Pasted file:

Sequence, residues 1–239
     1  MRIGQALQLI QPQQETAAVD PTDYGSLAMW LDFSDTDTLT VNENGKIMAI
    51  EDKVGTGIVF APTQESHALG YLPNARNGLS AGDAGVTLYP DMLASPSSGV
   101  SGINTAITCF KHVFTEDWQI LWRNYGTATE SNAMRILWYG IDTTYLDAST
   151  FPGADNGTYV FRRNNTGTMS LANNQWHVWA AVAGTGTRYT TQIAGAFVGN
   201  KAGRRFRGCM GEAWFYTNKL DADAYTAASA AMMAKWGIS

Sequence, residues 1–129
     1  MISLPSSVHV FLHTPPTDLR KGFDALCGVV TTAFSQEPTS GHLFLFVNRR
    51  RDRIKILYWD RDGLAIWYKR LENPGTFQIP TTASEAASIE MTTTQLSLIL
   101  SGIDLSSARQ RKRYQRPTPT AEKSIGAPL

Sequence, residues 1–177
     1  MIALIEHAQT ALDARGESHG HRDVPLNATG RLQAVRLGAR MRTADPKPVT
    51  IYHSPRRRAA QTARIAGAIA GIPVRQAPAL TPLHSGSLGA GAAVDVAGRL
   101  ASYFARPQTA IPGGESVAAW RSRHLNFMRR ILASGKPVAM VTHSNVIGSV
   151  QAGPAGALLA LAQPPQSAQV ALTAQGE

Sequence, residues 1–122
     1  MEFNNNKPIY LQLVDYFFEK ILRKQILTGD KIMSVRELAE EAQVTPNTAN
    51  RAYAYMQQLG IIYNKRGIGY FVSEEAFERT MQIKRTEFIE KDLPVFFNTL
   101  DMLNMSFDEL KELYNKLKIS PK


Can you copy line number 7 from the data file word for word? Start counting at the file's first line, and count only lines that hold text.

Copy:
Sequence, residues 1–129